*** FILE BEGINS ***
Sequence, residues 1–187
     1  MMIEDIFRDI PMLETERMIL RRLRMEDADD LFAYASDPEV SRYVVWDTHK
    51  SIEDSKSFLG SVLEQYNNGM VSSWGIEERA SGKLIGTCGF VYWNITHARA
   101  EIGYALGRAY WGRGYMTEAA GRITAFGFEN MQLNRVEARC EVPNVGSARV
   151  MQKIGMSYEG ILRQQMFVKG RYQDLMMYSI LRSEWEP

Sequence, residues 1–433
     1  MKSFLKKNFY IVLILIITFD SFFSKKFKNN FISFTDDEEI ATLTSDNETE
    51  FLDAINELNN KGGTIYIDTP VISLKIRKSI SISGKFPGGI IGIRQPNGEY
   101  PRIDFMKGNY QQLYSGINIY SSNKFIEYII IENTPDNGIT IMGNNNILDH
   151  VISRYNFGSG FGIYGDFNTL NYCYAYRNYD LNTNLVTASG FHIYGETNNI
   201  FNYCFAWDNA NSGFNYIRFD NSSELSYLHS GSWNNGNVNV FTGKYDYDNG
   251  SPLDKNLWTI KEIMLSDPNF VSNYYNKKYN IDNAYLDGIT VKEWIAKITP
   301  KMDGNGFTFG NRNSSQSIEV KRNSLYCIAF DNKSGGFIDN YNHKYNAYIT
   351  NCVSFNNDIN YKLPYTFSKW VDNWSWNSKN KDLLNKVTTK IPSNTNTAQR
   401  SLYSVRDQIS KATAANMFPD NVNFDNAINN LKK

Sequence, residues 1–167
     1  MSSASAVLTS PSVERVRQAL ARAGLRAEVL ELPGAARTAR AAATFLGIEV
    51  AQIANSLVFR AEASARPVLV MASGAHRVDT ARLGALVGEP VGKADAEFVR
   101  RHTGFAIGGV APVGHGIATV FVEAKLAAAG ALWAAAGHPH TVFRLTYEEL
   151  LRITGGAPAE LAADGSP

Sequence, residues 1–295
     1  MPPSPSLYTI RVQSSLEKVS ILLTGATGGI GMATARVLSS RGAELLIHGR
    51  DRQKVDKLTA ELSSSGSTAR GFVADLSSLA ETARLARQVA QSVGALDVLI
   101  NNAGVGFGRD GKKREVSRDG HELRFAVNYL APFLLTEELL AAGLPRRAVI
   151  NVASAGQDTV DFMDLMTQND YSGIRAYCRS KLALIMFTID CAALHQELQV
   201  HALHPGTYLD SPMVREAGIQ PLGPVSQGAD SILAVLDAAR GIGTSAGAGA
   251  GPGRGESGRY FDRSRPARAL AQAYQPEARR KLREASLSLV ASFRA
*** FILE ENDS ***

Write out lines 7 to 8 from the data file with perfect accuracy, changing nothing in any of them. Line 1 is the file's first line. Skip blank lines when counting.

     1  MKSFLKKNFY IVLILIITFD SFFSKKFKNN FISFTDDEEI ATLTSDNETE
    51  FLDAINELNN KGGTIYIDTP VISLKIRKSI SISGKFPGGI IGIRQPNGEY